Actually, between 1960 and 1980 Latin countries grew twice as fast (in per capita GDP and overall GDP) than they did between 1980 and 2000. In some countries, the economies are the same or worse than when IMF dictates were applied to their countries. Examples?
Where I last traveled, Nicaragua, lives and dies by its debt obligations to “el Fondo” – the IMF. Education was privatized and parents had to either pay school fees or “volunteer” several hours of work per week to send their kids to school. The right to health care was abandoned by the government as it sold all government clinics and laid off doctors who work in the public service. Only now with the new Sandinista president has Mulukuku got a doctor at its government health clinic.

Bolivia, which I went to in 2005, had either stayed the same or gotten poorer since the 1980s when the IMF imposed structural adjustment on the country for its hyperinflation. The government oil and gas company was sold off to almost nothing and the railroads were sold by the government too. Bolivia’s historically most precious resource, its mines, were also privatized and thousands and thousands of laid off mineworkers left the mines to move into the jungle to grow coca (which can be made into cocaine). The current president of Bolivia is the former union leader of the coca growers, and that union has many connections to the radical mining unions because of the “disliquidaciones” of the 80s.

And the worst villain of all (according the idiotic American media), President Hugo Chavez first came to prominence in Venezuela after a series of economic riots in 1989 called el Caracazo (“the Caracas smash”). El Caracazo were riots after IMF structural adjustments led to recession and food shortages. The Venezuelan military was called into shoot protestors (up to 3000 people were killed). The instability continued until the 1990s, and in 1992 Col. Chavez attempted a coup because he didn’t believe the government should be shooting people fighting for food. He lost the coup and announced on national TV that the struggle was over “for now” and that he would continue peacefully in the future. After serving some jail time and getting pardoned, Chavez came out nationally famous and popular for his coup against a corrupt government and was elected president in 1998, 2000, and 2006.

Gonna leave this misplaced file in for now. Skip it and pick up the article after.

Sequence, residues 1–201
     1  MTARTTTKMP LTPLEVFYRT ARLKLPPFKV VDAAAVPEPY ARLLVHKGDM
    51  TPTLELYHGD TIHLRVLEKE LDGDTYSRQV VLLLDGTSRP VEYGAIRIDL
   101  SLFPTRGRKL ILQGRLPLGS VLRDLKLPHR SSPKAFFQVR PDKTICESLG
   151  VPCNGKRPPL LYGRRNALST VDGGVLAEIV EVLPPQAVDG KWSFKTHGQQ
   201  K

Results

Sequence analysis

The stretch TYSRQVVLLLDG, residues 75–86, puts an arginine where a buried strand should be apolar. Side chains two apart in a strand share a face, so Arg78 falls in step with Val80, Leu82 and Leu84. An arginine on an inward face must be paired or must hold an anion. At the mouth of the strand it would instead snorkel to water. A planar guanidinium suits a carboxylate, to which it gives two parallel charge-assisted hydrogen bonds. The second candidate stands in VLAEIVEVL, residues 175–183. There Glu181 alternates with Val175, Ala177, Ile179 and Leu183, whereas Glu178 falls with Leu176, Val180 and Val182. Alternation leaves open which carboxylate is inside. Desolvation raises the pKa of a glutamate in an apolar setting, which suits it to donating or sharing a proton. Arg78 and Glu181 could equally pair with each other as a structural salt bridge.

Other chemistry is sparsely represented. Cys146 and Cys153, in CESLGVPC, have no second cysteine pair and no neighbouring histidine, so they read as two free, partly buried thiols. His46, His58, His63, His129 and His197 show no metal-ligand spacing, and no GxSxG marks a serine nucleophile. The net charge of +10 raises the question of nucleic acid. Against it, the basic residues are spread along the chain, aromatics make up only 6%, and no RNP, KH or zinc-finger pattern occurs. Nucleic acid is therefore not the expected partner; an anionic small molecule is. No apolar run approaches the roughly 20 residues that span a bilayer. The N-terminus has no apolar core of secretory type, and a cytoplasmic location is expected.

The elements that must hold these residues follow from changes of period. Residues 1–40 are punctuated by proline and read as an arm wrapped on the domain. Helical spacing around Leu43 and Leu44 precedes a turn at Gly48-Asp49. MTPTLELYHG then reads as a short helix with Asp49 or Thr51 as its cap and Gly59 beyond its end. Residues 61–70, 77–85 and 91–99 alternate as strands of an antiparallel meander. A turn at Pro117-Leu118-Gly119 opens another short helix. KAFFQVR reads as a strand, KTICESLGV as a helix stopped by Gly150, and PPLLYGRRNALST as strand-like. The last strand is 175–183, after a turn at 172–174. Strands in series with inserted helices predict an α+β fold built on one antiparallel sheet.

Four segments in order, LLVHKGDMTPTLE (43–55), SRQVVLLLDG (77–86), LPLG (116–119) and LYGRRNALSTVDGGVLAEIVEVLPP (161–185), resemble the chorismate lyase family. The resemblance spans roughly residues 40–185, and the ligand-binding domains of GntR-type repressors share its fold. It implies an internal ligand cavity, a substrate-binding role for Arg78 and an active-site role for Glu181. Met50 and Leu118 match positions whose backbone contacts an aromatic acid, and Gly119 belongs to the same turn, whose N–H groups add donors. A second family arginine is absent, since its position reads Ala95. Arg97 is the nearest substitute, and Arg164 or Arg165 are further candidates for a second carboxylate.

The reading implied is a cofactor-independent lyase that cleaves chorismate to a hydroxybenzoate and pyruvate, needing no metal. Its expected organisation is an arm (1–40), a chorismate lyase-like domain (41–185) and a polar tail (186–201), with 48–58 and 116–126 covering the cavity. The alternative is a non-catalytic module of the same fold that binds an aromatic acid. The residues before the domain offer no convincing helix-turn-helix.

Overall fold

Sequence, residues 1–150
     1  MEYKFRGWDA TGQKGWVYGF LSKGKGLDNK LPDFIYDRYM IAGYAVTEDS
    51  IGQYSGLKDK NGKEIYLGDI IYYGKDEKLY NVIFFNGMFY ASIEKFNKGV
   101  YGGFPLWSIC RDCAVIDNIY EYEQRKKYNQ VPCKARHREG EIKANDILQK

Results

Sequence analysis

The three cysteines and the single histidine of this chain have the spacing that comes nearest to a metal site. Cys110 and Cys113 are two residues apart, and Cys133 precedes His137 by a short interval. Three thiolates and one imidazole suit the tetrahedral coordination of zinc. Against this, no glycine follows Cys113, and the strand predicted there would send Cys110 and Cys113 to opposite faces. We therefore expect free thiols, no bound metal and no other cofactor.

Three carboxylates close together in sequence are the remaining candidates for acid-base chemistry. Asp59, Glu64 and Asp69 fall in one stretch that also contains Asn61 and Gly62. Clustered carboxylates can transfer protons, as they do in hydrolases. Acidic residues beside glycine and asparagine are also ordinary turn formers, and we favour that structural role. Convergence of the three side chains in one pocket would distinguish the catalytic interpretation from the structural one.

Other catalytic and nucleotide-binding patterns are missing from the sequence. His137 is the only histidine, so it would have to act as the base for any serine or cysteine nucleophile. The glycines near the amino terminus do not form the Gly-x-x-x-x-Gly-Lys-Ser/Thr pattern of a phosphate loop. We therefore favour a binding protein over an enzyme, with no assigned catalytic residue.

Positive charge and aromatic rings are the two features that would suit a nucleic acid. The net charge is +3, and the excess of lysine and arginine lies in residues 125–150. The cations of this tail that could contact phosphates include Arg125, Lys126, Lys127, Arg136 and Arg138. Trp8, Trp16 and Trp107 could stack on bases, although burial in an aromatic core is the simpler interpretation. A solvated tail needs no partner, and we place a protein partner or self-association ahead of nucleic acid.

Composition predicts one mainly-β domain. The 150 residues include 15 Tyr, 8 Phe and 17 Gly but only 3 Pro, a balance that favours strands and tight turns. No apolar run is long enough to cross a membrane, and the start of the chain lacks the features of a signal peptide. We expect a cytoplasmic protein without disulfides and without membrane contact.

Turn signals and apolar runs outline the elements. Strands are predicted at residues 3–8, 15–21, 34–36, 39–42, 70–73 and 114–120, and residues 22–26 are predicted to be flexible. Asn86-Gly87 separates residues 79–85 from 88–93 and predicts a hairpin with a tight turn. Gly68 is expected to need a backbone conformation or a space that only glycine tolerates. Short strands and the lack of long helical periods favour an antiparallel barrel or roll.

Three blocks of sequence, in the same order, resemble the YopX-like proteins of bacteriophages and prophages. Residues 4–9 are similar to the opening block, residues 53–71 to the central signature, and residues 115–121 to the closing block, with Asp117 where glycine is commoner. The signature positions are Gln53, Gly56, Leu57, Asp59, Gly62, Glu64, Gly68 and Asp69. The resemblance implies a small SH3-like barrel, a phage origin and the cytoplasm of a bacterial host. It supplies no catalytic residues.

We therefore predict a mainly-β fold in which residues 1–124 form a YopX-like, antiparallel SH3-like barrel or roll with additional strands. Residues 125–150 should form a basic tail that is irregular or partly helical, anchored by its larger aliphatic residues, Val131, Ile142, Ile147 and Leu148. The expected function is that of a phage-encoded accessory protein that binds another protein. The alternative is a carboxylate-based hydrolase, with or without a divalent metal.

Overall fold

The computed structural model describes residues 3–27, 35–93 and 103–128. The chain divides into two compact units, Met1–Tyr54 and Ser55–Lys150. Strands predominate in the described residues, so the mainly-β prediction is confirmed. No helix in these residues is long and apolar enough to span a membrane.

All of these are consequences of IMF-imposed economic conditions. The new generation of the Latin American left is trying to undo the corrupt privatization and self-serving free market fundamentalism that the Chicago Boys cooked up in 1973 in Chile and emphasize people-centered economics that serves Latin America, not Washington and New York. And Mexico was a hair away from having a New Left president too; and if certain guerilla leaders are to be believed, we could be looking at a third Mexican revolution (1810, 1910, 2010?) coming up pretty soon. Who knew currency trading could be so fun?